Five protesters stood outside General Electric's corporate headquarters in Fairfield on Monday to urge GE to stop building nuclear power plants, saying the disaster in Japan - and earlier disasters at Chernobyl and Three Mile Island - prove they are not safe.
"I do not want any more nuclear plants, and I want the Nuclear Regulatory Commission to decommission all the American plants," said Wendy Hamilton, a New Haven resident and retired nurse at Yale-New Haven Hospital. "They are just too damn dangerous."
Hamilton, who donned a surgical mask during the hour-long protest, said she had read a great deal about Chernobyl and nuclear power in general and believes people haven't learned enough to warrant construction of nuclear power plants. She said 104 nuclear power plants are in America and a few are on earthquake fault lines. "We've already had two bad accidents now, and people should be more convinced nuclear power plants are a mistake," she said. "It's not a viable answer to our peak oil problem. Nuclear energy is too damn dangerous and we're going to wipe out the species if we play around with it."
Hamilton said she was protesting at GE's corporate headquarters on Easton Turnpike because GE had built nuclear power plants in Fukushima, Japan, which failed after an earthquake and tsunami, and wanted to build more in America. She said her concern was "the health of Americans and the health of the species, the human species."
"The recorded history of humans is 6,000 years, and we're dealing with spent fuel rods that are going to be dangerous for 30,000 years. It doesn't make sense," Hamilton said, adding that a proper disposal method for nuclear waste material did not exist.
James Duarte of New Haven, another protester, had similar reasons for going to GE. "To protest them for building these things," he said. "They're responsible for building the plants."
Nancy Burton was more direct in her criticism of GE, saying the Fairfield-based company "designed and built and profited handsomely from the six Mark 1 boiling water nuclear reactors at Fukushima Daiichi." (Editor's note: Full disclosure: Nancy Burton has written several articles on Fairfield Patch not related to nuclear power.)
"General Electric knowingly sold and built them on the coastline in an earthquake and tsunami-prone region," Burton said. "And General Electric knowingly sold and built them even after three of its nuclear engineers publicly resigned citing dangerous shortcomings in GE's designs."
A spokesman for GE was not available Monday afternoon to respond to the protest and the protesters' allegations.
According to a report from Reuters on Monday, radiation at the six-reactor Fukushima complex "has soared in recent days," with contamination 100,000 times normal in water at one reactor and 1,850 times normal in a nearby sea. Evidence of radiation also is in tap water in Tokyo 150 miles away, and four of the six plants are still seen as volatile, according to the Reuters report.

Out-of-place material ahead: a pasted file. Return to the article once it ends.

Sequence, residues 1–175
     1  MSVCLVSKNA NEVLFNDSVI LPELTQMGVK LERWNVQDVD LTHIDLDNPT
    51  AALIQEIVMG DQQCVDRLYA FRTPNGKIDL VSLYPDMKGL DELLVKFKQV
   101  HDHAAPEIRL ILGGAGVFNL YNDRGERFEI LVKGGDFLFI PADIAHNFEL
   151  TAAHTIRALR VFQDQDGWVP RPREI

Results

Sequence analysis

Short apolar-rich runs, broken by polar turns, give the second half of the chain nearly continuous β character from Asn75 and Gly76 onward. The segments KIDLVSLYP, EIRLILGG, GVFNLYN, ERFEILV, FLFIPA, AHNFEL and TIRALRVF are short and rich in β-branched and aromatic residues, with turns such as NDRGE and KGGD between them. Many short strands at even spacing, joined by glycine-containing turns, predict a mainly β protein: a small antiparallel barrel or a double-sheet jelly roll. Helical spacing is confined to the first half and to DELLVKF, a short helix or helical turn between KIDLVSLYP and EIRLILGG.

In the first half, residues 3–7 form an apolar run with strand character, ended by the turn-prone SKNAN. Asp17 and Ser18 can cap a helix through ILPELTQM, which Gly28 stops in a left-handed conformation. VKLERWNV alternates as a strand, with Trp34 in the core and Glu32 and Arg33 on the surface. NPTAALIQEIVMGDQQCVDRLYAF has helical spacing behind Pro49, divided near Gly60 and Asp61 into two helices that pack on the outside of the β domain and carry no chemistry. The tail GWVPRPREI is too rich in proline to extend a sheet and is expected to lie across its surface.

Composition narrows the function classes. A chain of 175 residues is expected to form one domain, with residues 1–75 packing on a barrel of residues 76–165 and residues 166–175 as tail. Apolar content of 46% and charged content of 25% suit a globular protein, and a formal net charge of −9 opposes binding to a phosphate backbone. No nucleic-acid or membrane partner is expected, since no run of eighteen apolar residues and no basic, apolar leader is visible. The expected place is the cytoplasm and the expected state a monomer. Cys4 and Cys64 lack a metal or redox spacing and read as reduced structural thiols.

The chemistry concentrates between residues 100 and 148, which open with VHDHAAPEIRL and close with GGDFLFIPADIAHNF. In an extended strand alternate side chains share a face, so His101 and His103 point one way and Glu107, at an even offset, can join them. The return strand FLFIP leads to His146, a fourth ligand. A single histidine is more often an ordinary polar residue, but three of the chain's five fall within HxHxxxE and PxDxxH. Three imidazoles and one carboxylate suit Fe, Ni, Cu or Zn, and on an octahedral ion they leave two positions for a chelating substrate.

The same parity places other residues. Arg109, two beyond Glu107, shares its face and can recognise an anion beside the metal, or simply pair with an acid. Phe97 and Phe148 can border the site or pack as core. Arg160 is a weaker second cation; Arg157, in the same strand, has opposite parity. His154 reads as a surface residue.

Burton said GE is now "revving up to unleash its latest nuclear technology" in India against the will of that country's citizens. She said President Barack Obama was "corrupting the English language" when he calls nuclear power clean and safe and hadn't been educated on "the horrors of Fukushima."
"We must bring an end to this nuclear madness, this perpetuation of nuclear energy," Burton said. "As we have seen over the past two weeks so frighteningly, billions of dollars of investment in a few hours can turn into billions of dollars of liabilities." She said the cost of the Fukushima disaster in economic terms came to $200 billion to $300 billion.
"General Electric, which proclaimed healthy revenues last year while it paid nothing in federal taxes, has announced that it has sent $5 million in aid to Japan to relieve its people's suffering. $5 million," Burton said. "Do not shame us any further, General Electric. You have embarrassed us profoundly."
Lee Evans, another protester, said GE ought to concentrate on wind, solar and geothermal energy and get out of nuclear power. She said the Nuclear Regulatory Commission had extended the license on the Vermont Yankee nuclear power plant despite public opposition, and Hamilton said the NRC hadn't rejected "a single license renewal application" and that the Vermont Yankee plant was aging and leaking.
Evans said nuclear power plants weren't designed to sustain the impact of a large airliner and that the Sept. 11 terrorist attacks would have been even more devastating if planes had struck Indian Point reactors.
Burton held 1,000 origami cranes as she spoke, which she said symbolized a Japanese belief that if you create 1,000 cranes, a single crane will appear and grant your wish. She said a child who died from the effects of Hiroshima had begun to make 1,000 cranes but didn't reach that number before she died.
After the protesters spoke, they walked in a circle in silence for several minutes, as cars and trucks whizzed by on Easton Turnpike after leaving the busy Merritt Parkway. The protesters also held a moment of silence, Burton said, to "send hope, prayers, a sense of solidarity, sadness and our sense of culpability in what has happened to our friend and neighbor, Japan."